Sometimes used interchangeably with “guitar pop rock”, in the mid-1980s, the term “indie” began to be used to describe the music produced on punk and post-punk labels. During the 1990s, Grunge bands broke into the mainstream, and the term “alternative” lost its original counter-cultural meaning. The term became associated with the bands and genres that remained dedicated to their independent status. By the end of the 1990s it developed subgenres and related styles including lo-fi, noise pop, emo, slowcore, post-rock and math rock. In the 2000s, changes in the music industry and in music technology enabled a new wave of indie rock bands to achieve mainstream success.
– Wikipedia: The Free Encyclopedia
A lot has changed since high school; you get older, you get just as confused, and you don’t see those people that you used to see. You drift apart from those people that you were closest to. There’s nothing wrong with that, you go to different universities and fall into different friend groups, and you change as a person.
One cold November evening, the rats escaped. My future bandmate and current roommate Claire and I scrambled to get the rats back into their cage, still half asleep. Now that they knew how to get out, though, it was only a matter of time before it happened again. And happen again it did. After a few nights of rude awakenings, I realized that to stop the rats, I would need to become something else. A worthy adversary. And thus Bad Rat was born.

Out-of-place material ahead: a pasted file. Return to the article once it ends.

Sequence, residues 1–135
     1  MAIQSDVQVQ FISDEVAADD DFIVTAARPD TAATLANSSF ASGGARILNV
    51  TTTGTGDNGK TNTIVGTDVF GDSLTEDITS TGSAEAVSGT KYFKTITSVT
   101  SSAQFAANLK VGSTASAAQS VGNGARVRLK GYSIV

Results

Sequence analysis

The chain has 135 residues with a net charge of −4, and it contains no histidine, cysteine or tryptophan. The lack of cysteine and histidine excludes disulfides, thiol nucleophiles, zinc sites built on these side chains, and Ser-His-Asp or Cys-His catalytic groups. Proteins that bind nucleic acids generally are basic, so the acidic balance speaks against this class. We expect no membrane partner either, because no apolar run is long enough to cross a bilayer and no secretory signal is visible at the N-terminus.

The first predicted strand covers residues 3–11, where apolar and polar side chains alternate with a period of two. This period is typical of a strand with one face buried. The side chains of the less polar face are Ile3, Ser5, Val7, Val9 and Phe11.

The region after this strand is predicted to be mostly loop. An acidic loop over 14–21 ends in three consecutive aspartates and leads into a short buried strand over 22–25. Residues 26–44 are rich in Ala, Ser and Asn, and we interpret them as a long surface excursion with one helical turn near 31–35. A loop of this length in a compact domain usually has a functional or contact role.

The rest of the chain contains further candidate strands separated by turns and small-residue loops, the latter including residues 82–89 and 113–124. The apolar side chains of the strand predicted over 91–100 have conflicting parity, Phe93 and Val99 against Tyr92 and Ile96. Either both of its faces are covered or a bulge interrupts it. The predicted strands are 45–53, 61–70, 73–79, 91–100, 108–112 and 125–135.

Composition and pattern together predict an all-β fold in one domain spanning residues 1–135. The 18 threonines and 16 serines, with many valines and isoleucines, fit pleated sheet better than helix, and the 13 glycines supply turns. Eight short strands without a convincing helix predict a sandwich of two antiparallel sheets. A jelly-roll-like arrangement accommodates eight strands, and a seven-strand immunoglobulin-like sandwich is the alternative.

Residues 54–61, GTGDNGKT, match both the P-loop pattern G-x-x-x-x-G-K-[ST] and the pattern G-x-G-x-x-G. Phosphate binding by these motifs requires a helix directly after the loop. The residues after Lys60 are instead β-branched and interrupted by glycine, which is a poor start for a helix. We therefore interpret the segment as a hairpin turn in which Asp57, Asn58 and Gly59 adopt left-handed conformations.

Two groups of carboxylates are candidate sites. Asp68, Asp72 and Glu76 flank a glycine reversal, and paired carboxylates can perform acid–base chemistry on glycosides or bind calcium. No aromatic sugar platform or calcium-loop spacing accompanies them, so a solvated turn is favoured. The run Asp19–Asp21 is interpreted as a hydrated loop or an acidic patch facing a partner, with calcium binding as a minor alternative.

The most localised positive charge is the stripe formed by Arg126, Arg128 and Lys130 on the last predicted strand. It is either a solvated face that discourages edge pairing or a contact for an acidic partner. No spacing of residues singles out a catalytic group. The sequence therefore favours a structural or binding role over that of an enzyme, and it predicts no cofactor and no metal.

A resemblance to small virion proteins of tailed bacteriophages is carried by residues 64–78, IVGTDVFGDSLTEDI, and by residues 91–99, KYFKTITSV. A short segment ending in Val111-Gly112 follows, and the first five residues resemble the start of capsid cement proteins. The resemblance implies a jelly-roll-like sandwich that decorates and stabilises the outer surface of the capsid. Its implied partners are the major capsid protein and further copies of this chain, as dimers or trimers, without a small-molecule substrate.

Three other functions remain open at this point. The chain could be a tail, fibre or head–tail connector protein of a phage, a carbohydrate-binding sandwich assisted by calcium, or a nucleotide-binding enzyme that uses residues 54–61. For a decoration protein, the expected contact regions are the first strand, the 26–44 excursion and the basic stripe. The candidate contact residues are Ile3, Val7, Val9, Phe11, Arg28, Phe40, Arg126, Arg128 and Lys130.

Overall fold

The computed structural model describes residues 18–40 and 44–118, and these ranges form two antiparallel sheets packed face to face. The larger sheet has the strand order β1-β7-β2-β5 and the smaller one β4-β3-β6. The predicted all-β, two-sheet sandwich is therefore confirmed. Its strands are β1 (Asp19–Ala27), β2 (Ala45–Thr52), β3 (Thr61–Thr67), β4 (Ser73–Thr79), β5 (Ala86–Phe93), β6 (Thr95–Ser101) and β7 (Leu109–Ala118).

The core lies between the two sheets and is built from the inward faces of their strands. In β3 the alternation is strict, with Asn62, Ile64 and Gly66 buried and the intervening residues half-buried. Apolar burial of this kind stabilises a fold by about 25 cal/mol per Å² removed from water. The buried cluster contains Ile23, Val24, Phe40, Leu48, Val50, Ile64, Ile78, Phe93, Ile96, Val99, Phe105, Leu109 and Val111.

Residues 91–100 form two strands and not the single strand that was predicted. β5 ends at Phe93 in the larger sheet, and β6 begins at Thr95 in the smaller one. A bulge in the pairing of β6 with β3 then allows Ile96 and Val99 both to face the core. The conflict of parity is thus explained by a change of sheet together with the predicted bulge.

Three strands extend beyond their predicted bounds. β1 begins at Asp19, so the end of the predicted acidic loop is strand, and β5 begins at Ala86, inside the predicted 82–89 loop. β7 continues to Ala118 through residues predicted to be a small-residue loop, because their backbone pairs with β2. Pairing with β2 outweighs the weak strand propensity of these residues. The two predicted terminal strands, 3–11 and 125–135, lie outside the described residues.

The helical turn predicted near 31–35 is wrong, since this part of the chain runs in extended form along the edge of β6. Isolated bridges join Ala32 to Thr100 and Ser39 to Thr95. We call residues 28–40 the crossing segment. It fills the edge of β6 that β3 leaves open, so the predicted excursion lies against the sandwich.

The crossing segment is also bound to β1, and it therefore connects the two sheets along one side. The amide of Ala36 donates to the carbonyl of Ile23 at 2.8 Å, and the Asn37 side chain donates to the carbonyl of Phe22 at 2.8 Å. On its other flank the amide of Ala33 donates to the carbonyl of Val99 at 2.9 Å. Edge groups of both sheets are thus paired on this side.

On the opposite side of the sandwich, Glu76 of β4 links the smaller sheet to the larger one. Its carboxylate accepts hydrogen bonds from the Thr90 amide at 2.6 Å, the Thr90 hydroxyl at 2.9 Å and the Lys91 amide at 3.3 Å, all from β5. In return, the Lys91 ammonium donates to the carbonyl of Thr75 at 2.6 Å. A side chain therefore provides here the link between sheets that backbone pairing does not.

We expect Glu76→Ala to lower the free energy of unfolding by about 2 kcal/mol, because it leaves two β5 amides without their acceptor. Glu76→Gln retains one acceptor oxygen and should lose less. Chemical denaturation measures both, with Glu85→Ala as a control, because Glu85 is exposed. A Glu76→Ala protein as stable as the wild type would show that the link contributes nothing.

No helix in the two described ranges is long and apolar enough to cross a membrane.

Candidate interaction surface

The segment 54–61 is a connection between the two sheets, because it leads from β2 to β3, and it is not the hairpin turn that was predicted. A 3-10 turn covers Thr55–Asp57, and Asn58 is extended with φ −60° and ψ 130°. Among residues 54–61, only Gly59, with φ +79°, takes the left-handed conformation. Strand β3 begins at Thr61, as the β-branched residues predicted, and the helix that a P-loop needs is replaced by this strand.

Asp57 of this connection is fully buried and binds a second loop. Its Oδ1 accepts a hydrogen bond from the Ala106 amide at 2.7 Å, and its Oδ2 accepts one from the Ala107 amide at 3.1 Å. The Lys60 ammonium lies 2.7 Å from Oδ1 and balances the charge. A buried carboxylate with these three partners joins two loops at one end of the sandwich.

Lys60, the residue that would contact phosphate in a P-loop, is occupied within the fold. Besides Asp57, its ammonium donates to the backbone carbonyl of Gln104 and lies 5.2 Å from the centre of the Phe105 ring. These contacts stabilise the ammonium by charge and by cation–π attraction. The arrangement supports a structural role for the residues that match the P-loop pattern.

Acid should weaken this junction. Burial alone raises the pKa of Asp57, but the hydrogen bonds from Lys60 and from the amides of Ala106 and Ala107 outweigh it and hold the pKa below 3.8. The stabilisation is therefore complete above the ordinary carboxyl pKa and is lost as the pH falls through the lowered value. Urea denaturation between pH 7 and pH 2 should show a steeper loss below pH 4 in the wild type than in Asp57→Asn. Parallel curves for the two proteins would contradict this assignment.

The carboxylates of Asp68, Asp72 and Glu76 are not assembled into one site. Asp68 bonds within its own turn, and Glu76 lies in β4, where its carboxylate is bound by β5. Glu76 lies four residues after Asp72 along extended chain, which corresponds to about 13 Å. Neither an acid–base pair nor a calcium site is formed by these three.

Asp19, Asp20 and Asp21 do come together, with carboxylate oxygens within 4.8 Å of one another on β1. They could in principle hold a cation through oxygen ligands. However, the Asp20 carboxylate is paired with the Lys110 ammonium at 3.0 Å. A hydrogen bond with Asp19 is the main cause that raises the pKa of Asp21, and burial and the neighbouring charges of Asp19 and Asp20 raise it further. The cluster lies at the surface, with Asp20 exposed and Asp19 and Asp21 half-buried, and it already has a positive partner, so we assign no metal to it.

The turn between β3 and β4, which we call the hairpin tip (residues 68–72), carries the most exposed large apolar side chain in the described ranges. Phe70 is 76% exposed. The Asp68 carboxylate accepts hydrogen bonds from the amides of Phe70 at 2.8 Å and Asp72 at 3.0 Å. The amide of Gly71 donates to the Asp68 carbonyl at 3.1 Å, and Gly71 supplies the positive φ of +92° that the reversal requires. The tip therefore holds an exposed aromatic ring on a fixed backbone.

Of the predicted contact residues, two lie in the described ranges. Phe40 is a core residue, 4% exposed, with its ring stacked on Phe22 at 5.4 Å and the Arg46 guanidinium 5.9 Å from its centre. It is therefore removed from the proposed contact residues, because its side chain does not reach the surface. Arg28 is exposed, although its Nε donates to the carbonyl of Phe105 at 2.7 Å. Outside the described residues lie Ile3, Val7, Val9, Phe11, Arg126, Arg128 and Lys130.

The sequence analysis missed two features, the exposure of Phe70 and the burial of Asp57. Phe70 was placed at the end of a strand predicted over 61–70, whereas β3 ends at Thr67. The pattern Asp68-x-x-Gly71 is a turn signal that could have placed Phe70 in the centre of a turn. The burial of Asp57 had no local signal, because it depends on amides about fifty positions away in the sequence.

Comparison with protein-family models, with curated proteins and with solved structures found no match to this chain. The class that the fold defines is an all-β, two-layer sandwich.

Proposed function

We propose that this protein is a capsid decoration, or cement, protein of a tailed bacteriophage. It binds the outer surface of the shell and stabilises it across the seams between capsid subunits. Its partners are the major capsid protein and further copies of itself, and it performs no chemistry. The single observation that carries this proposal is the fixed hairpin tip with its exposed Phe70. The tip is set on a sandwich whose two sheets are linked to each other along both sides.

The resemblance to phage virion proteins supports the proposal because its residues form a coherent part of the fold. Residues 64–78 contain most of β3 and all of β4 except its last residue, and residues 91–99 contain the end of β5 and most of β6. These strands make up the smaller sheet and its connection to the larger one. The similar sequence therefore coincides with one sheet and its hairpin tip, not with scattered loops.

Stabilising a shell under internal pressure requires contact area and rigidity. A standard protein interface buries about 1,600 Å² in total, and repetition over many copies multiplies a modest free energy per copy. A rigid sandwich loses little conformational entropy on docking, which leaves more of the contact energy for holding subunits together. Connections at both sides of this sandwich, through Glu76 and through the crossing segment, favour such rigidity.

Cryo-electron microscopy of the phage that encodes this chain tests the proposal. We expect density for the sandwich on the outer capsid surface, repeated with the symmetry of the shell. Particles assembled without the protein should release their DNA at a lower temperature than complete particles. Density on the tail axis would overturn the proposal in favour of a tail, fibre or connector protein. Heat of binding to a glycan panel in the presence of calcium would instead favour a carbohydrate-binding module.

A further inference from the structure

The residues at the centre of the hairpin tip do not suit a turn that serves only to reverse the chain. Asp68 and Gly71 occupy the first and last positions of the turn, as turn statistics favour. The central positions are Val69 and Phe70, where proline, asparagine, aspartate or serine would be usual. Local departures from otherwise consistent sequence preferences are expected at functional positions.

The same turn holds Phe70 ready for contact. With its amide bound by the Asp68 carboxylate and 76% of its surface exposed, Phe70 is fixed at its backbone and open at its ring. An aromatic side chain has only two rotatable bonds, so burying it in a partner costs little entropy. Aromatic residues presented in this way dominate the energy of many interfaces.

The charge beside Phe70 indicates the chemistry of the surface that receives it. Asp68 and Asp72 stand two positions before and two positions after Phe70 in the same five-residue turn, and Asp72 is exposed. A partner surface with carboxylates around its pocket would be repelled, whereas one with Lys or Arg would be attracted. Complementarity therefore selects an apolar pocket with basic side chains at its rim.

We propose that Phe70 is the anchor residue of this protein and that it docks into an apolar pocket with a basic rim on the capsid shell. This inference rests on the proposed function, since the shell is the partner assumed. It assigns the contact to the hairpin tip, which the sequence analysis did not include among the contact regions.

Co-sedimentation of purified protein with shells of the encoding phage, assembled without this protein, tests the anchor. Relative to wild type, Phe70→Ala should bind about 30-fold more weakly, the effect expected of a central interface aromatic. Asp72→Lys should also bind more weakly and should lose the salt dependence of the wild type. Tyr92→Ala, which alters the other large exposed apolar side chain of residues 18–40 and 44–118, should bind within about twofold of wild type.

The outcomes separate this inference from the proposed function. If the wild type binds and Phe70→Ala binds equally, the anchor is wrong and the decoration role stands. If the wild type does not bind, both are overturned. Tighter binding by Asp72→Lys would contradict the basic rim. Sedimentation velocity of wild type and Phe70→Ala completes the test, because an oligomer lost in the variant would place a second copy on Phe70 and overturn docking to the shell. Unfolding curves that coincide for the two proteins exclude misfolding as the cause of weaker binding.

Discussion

My story. It started with hosting/producing a public cable access TV show out of a mid-western Canadian city that focused on the local music scene in 1989. I was a teenager who wanted to know more than just what mainstream Top 40 could offer me. Though I had an extreme interest in music, I knew nothing about playing it myself other than some power chords I could figure out, by luck and patience, listening to some Heavy Metal and Punk songs. The first song I partially was able to play was “Shout At the Devil” by Motley Crue. Then some Blues chords would follow, and an individual mix began to take place. Wonders what could be next?
There is no other band that we know of, which sounds like JUST LIKE HONEY. Maybe that is because we never play cover versions of other people’s songs. We recently noticed that also Joy Division never played any cover versions. We love this thought.
Ohmwrecker was formed out of complete chaos and desperation.
After recording 20+ albums by myself as Six Car Collision for 18 years, I moved from Boston to Vancouver Island, British Columbia, and was unable to write and play music for about 4 years. I was just blocked… completely stuck and unable to write or say what it is I needed to say. For the first time since I’d started writing and performing, I was completely helpless.
Recently, I was playing a show at a wonderful spot in Nashville, TN called Douglas Corner. It was a Wednesday night, and just before I was about to go on stage, a buddy texted me saying, “What are you doing Friday night? Do you want to go to the Ryman with me?” If you aren’t familiar with the Ryman, it’s a beautiful venue located in downtown Nashville, just off Broadway. It’s called The Mother Church of Country Music, many legends have played there & continue to play there, and the Grand Ole Opry was born out of that room. It’s truly legendary. Needless to say, if someone asks you to go to the Ryman with them, you say yes, regardless of who’s playing. So of course, I immediately responded to his text with “Hell ya! Of course, I want to go to the Ryman! Who’s playing?”
I have met the enemy, and it is creating an album. Don’t get me wrong, this is what I do and it’s practically a compulsory behavior, but sometimes it is far more involved than that. Sometimes, it’s the creative equivalent of childbirth as I understand it – hard as Hell and painful (drugs optional!), but completely worth it.